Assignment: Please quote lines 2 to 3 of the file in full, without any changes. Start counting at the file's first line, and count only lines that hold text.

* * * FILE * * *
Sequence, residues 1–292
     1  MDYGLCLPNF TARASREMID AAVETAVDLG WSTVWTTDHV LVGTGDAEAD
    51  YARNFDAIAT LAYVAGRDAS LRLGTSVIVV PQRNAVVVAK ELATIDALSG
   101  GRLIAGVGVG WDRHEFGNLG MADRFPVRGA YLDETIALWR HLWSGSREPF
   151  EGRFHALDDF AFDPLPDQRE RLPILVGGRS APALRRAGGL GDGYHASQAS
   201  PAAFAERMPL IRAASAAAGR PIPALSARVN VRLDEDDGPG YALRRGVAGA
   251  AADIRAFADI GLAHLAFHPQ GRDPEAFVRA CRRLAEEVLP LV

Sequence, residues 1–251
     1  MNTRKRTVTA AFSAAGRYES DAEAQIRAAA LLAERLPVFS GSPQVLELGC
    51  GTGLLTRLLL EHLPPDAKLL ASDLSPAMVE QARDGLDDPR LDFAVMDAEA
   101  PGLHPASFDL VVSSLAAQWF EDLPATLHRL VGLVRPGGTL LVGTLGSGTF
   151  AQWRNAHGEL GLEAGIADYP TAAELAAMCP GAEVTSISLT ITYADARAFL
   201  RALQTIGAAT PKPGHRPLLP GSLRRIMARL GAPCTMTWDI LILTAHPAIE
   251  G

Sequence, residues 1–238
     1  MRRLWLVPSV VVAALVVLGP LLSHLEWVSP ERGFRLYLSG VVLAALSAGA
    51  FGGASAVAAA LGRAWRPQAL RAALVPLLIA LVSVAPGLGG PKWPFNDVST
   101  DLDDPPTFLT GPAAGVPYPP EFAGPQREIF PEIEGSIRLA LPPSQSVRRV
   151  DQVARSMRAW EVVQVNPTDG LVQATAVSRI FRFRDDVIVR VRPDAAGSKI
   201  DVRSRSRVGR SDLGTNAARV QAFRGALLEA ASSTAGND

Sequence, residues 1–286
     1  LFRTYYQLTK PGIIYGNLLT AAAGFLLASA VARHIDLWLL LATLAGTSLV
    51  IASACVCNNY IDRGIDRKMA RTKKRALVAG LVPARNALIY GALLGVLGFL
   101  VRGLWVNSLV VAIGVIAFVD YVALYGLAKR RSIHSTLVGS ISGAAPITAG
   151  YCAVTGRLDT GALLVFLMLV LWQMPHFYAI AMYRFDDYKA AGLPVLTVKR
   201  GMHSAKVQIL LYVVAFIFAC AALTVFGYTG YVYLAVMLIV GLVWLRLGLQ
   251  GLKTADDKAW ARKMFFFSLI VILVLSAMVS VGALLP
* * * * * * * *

     1  MDYGLCLPNF TARASREMID AAVETAVDLG WSTVWTTDHV LVGTGDAEAD
    51  YARNFDAIAT LAYVAGRDAS LRLGTSVIVV PQRNAVVVAK ELATIDALSG